Third quarter operating loss of $700,000 was negative 1.6% of revenues and compares with an operating profit of $5.1 million or 10% of revenues in the third quarter of 2018. Our adjusted EBITDA for the third quarter was $2.7 million or 6.2% of revenues. This compares to $9.2 million or 18% of revenues in Q3 2018.

GAAP net loss for the third quarter of 2019 was $800,000 compared with net income of $4 million in Q3 2018. GAAP EPS for the third quarter of 2019 was a loss of $0.02 per share compared with net per income diluted shares of $0.10 in the third quarter of 2018. Non-GAAP EPS, which excluded the impact of stock-based compensation, was $0.01 per diluted shares in Q3 2019 compared with $0.15 per diluted shares in Q3 2018.

Turning to the balance sheet. We ended Q3 with total cash and cash equivalents of $139 million. DSO for the third quarter of 2019 was 61 days. Inventory at the end of the quarter was $46 million, representing 128 days of inventory. Inventory level have risen to support higher unit volume, mainly in the industrial end market. During Q3, we utilized $700,000 in cash in operating activities. Capital expenditures for the quarter were $3.1 million or 7% of revenues.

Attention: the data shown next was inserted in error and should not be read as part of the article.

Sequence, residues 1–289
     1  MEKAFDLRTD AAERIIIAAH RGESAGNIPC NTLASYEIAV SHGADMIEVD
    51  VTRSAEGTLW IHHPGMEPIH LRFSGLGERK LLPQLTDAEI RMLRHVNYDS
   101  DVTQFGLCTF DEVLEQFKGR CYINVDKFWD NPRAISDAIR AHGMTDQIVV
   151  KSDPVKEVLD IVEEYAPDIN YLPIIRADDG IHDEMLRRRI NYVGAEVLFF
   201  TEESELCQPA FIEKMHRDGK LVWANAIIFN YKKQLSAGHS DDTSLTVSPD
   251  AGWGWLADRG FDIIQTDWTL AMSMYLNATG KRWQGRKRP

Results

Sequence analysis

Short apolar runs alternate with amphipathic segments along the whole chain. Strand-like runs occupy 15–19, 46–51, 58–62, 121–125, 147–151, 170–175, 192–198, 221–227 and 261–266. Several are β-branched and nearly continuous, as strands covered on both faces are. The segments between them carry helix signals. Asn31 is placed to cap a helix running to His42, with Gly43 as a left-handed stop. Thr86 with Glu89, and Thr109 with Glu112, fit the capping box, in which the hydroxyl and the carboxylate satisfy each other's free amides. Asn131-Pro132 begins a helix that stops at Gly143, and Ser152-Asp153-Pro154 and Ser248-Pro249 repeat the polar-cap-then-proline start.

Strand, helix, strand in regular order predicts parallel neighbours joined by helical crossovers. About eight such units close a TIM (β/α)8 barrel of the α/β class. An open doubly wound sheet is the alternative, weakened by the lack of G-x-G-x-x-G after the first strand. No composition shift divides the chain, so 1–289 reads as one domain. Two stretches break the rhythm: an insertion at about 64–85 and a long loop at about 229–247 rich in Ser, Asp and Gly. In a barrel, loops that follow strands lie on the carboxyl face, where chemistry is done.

Turning to the guidance for the fourth quarter of 2019. We expect revenues to be in a range of $36 million to $40 million. This reflects the impact of ongoing global trade and economic uncertainties across our business and continued slower activity with several of our large customers in the microfabrication end market.

Based on our current expectation for product mix, we see gross margin for Q4 2019 in the range of 25% to 28%, which includes approximately $400,000 of stock-based compensation and negative impact from tariff introduced since mid-2018 of approximately $1.4 million or around 370 basis points.

Operating expenses for Q4 are expected to be approximately $16 million, which includes approximately $3 million of stock-based compensation. For the fourth quarter, we expect adjusted EBITDA in a range of a loss of $2 million to breakeven. We expect Q4 average basic and diluted share at approximately Q3 2019 level.

I will now turn the call over to Scott.

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Scott H. Keeney, nLIGHT, Inc. - Co-Founder, Chairman, President & CEO [4]

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Thank you, Ran. As Ran reviewed, our third quarter results reflect an operating environment that remains challenging, which is having an adverse impact on 2 of the 3 end markets we serve. Despite the uncertainties overhanging global industrial activity and recent headwinds in consumer electronics-driven applications, we are excited by what we have accomplished in developing and releasing differentiated products. This includes progress in key strategic areas such as Corona, fiber laser welding and directed energy solutions. We remain focused on driving higher performance and lower costs across our product portfolio.